BUENOS AIRES – Argentine President Mauricio Macri called Friday for an increase in the volume of exports, especially of value-added products, so that what is “made in Argentina reaches the entire world.”
During a speech he made at the 61st National Peanut Festival in the town of Hernando, Cordoba province, Macri gave an example of this dried fruit as one of the products most exported by Argentina, and whose export sales volume, he recalled, is greater than that of India.
For Macri, this fact shows the potential of Argentine workers, who, he believes, will help build a better country over the coming years.
In that sense, he praised the measures taken by his government since he took power last December to reduce the heavy tax burden that the previous government imposed on agricultural producers.
He said the measures being considered to stimulate regional economies and to refund tax payments to agricultural producers who export their products will contribute significantly to increasing exports.
“We want to export more, to export value-added products made in Argentina and make sure that what is made in Argentina gets to the rest of the world,” he said.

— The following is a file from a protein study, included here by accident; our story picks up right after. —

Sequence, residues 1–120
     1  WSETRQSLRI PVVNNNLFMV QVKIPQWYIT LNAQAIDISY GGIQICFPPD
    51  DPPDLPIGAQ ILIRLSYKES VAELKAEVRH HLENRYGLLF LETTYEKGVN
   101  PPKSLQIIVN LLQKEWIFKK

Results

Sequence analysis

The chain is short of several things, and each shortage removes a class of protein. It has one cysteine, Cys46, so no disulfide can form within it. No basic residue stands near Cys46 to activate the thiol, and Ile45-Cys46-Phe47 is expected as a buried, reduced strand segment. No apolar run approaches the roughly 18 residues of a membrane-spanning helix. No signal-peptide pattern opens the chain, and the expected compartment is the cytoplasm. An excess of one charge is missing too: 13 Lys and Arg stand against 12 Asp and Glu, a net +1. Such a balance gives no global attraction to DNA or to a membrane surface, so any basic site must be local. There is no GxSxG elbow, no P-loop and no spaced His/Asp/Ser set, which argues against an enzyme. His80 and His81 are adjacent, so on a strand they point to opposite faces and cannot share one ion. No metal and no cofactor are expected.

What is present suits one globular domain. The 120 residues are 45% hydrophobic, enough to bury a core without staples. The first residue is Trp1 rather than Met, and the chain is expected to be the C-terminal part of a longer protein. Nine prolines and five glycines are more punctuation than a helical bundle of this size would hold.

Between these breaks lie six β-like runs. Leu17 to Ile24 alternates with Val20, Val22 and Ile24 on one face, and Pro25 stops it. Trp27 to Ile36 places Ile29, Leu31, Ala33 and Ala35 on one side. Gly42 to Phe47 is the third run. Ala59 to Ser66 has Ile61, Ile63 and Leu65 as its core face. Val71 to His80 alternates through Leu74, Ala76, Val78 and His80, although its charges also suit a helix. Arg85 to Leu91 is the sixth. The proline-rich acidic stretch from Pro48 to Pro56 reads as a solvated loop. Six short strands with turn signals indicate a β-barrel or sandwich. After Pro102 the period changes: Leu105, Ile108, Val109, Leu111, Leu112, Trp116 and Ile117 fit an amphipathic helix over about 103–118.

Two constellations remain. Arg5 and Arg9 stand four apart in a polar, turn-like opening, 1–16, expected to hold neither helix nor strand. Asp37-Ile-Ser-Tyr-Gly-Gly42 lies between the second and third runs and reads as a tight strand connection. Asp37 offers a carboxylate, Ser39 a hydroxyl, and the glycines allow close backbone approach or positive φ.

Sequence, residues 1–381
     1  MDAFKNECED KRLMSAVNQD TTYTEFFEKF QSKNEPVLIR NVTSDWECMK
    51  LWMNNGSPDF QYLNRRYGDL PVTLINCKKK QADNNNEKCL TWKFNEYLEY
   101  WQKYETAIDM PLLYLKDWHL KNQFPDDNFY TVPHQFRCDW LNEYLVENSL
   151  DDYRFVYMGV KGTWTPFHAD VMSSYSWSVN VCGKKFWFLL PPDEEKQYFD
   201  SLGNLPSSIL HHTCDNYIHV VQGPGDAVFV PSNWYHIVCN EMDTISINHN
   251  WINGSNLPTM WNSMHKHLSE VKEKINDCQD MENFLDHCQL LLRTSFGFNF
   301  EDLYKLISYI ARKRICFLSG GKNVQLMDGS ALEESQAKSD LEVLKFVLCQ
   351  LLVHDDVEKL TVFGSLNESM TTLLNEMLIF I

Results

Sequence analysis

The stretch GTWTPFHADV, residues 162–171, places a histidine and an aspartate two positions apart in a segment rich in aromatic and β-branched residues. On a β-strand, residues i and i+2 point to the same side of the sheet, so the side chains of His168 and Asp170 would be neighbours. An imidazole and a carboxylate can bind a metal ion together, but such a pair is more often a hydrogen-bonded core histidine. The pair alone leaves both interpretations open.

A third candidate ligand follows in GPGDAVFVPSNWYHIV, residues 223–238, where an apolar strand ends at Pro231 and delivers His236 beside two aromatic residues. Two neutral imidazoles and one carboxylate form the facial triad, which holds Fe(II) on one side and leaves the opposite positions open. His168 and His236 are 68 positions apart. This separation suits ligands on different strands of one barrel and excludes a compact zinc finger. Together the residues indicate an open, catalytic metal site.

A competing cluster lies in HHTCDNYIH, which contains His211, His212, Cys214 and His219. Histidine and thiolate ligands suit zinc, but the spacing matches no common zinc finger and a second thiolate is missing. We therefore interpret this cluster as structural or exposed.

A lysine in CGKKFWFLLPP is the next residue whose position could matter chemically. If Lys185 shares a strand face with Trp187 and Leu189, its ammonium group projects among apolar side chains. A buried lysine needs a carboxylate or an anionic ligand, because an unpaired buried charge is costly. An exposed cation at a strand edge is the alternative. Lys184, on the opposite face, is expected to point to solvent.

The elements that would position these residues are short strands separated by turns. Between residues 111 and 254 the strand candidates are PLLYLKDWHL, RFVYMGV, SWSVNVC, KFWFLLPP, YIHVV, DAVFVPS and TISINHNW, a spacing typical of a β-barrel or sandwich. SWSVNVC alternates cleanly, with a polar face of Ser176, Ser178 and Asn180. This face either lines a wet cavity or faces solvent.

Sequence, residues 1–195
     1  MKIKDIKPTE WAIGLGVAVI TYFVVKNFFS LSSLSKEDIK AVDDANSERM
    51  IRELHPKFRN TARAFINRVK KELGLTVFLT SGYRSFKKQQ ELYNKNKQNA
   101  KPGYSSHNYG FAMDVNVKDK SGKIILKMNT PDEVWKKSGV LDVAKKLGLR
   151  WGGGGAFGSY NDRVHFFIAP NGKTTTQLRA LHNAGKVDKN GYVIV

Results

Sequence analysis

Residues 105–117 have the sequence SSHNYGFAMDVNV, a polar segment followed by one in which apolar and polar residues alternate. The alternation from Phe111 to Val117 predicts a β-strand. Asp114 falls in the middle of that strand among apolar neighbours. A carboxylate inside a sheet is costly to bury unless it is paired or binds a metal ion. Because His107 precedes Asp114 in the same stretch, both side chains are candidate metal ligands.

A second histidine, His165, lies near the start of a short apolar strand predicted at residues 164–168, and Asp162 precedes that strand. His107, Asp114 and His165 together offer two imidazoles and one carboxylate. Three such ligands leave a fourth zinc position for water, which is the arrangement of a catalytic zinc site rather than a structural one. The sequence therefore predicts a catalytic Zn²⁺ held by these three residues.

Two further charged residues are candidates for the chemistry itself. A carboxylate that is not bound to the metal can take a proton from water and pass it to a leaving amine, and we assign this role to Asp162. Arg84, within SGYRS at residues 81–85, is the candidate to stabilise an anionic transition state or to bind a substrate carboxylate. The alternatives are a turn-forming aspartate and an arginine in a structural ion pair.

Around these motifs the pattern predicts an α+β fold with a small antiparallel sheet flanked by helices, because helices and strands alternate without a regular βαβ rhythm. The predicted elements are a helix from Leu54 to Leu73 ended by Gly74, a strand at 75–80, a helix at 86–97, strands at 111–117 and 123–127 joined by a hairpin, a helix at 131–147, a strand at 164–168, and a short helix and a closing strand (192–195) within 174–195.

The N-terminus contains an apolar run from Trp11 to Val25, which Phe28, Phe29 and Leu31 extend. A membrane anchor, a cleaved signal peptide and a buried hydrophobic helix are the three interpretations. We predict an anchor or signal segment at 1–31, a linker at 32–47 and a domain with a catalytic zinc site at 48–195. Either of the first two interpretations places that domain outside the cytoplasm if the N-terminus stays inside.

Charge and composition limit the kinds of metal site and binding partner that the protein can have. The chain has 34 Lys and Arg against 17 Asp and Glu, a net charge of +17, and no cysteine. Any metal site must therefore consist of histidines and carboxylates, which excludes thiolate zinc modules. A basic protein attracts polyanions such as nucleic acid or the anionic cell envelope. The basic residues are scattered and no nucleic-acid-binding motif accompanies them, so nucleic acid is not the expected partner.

The president said that these measures, plus the efforts of the Argentine people, will help produce “quality work” and “systematically reduce poverty and attain zero poverty,” one of the commitments highlighted in the electoral campaign and in the first months of the Macri government.
“We Argentines know how, we Argentines are able. I believe in you, I deeply believe in you,” Macri told the residents of Hernando, a city known as the International Peanut Capital.
Speaking to a large group of students of the area, the president expressed his “concern” that youngsters have the “tools to get an education” so that tomorrow “they’ll be able to get good employment that allows them to be leaders of society.”
“Every day we’re going to improve a little more the quality of public education and guarantee that all of you will have the work you dream of doing,” the president said, adding that schools are “the factories of dreams.”
He said that only by “working together” will the country be “truly great” and added that “together we’re going to write the great story of Argentina.”